The National Coalition to Protect Civil Freedoms (NCPCF), of which BORDC/DDF is a founding member, supports prisoners who have been targets of FBI sting operations because of their Muslim faith or outspoken political views. For many, the sting operation crossed the line to entrapment: the FBI paid informant provided the encouragement, materials, funding and planning for what would turn out to be a fake terror plot designed to ensnare the target.
The legal department at NCPCF has filed Clemency Petitions for five prisoners, and is actively supporting two others. The Petitions ask President Obama to free these men, but to be successful, these prisoners will need help. The President needs to know that they have widespread support.
Please take a few minutes to learn about each of these men, and to sign the petitions in support of the Clemency Petitions filed on their behalf.
Yassin Aref, an Iraqi Kurdish imam who came to Albany, NY as a UN-sponsored refugee in 1999, was convicted and sentenced to 15 years in an unjust FBI sting operation based on false suspicions that he might be connected to Al Qaeda. (It was learned via FOIA that this was a case of mistaken identity.)
In 2003 the government sent a “confidential informant” (CI) to entrap Yassin by offering a loan to his friend and getting Yassin to witness the loan, a common undertaking among Muslims. The CI was supposed to say the loan involved laundering the proceeds of the sale of a missile to a terrorist group, but he never told Yassin that there was anything illegal about the loan, and the government recordings at trial show Yassin believed the loan was completely legal. Yassin never did or said anything to show support for terrorism, and he was acquitted of most of the counts, but convicted of money laundering and material support for terrorism.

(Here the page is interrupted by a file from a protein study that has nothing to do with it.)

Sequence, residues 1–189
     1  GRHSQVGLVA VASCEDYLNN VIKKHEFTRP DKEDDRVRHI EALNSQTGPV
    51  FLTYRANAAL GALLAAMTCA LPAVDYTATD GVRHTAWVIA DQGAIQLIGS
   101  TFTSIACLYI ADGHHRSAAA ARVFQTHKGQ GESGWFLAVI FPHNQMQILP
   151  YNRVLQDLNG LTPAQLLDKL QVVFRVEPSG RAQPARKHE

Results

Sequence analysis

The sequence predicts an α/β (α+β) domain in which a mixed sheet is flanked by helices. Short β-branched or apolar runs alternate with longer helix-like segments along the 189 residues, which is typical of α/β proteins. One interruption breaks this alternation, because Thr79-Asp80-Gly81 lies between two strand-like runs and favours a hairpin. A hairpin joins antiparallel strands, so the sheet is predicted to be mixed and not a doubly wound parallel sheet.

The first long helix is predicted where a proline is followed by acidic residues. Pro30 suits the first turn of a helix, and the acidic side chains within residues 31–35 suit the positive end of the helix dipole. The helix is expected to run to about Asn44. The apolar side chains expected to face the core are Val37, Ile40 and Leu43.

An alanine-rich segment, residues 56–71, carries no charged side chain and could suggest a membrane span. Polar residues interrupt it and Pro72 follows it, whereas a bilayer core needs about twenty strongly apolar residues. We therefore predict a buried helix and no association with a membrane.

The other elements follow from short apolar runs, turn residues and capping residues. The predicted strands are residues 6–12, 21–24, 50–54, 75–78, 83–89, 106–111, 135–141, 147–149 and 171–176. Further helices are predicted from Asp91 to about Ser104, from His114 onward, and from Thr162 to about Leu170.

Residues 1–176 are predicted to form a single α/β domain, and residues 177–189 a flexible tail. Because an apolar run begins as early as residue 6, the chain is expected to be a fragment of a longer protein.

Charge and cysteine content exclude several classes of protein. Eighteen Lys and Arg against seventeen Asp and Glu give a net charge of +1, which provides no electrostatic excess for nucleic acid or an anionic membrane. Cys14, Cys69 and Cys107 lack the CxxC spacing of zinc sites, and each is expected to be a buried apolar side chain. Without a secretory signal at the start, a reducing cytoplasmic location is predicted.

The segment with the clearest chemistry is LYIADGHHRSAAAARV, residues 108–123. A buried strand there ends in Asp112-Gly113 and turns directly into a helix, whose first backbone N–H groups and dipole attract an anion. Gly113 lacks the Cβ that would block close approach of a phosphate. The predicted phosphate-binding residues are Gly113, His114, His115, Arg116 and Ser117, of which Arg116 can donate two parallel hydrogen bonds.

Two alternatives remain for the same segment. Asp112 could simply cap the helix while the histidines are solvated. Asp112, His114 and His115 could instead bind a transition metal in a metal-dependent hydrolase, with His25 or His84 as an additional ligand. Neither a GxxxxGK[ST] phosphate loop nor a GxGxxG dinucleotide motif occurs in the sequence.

Khalifa al-Akili’s story is told in the remarkable documentary (T)error which follows the sting operation as it unfolds. Al-Akili was living in Pittsburgh when he became the target of a sting operation by an FBI informant who doggedly pursued him, but was unable to convince him to participate in any terror plot. He recognized that the man who was trying to befriend him might be an FBI informant, so he reached out to Project Salam (a member of NCPCF) for help. NCPCF organized a press conference to expose the sting operation against al-Akili, but the day before it was to happen, he was arrested. He is now in jail on gun charges (for holding a gun at a firing range). He accepted a plea deal to serve eight years.
Tarik Shah, an observant Muslim, a well-known jazz bass player who played at President Clinton’s inauguration, and a self-defense trainer and martial arts teacher in New York City, was approached by three separate informants, beginning in 2001, who tried to get him to do something illegal. After the first informant failed to engage Tarik in illegal activity, in 2003 the second informant, Theodore Shelby aka “Saeed,” an ex-convict and former Black Panther, asked Tarik to give him music lessons and eventually moved into Tarik’s home with him, tape-recording every conversation. Shelby then introduced Tarik to a supposed Al-Qaeda recruiter (the third informant, who was actually an undercover FBI agent), who offered Tarik $1,000 a week if he would agree to train jihadists in martial arts. Tarik agreed, although he did not accept any money.
The New York Times wrote that the “plot…was almost entirely talk…No weapons appear to have been bought, and no martial arts training took place.” The “plot” continued for two years and became a joint FBI/NYPD sting operation.
Tarik was finally arrested in May 2005 and was held in solitary confinement at the Metropolitan Correction Center (MCC) in New York until 2007. Facing a thirty-year sentence, and realizing that he could not get a fair trial and would be found guilty by association, he pleaded guilty in 2007 to one count of conspiracy to provide material support to terrorism. He was sentenced to fifteen years in prison, with a scheduled release date of 2018.
Rezwan Ferdaus is a young Muslim man from Massachusetts whose mental illness was taken advantage of by the FBI in order to entrap him. Rezwan, a very intelligent young man with a Muslim father and Catholic mother, was studying Physics at Northeastern University in 2006 when he began to suffer from a serious mental illness, experiencing paranoia and hallucinations.